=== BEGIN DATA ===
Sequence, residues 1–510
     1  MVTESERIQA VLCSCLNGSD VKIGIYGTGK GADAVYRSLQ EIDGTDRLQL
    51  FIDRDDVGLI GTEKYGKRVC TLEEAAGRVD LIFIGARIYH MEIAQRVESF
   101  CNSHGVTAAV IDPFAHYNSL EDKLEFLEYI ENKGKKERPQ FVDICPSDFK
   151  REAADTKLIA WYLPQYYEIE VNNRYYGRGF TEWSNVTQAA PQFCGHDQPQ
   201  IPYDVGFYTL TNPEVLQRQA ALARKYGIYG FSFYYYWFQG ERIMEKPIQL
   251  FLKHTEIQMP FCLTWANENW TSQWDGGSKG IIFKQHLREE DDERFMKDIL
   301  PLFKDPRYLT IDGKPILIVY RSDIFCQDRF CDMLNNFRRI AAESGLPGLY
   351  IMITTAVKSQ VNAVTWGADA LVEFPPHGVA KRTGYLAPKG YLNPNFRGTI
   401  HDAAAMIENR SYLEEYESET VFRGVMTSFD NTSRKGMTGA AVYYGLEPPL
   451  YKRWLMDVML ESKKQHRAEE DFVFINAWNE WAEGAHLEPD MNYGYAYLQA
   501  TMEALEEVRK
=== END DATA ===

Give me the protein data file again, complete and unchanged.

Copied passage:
Sequence, residues 1–510
     1  MVTESERIQA VLCSCLNGSD VKIGIYGTGK GADAVYRSLQ EIDGTDRLQL
    51  FIDRDDVGLI GTEKYGKRVC TLEEAAGRVD LIFIGARIYH MEIAQRVESF
   101  CNSHGVTAAV IDPFAHYNSL EDKLEFLEYI ENKGKKERPQ FVDICPSDFK
   151  REAADTKLIA WYLPQYYEIE VNNRYYGRGF TEWSNVTQAA PQFCGHDQPQ
   201  IPYDVGFYTL TNPEVLQRQA ALARKYGIYG FSFYYYWFQG ERIMEKPIQL
   251  FLKHTEIQMP FCLTWANENW TSQWDGGSKG IIFKQHLREE DDERFMKDIL
   301  PLFKDPRYLT IDGKPILIVY RSDIFCQDRF CDMLNNFRRI AAESGLPGLY
   351  IMITTAVKSQ VNAVTWGADA LVEFPPHGVA KRTGYLAPKG YLNPNFRGTI
   401  HDAAAMIENR SYLEEYESET VFRGVMTSFD NTSRKGMTGA AVYYGLEPPL
   451  YKRWLMDVML ESKKQHRAEE DFVFINAWNE WAEGAHLEPD MNYGYAYLQA
   501  TMEALEEVRK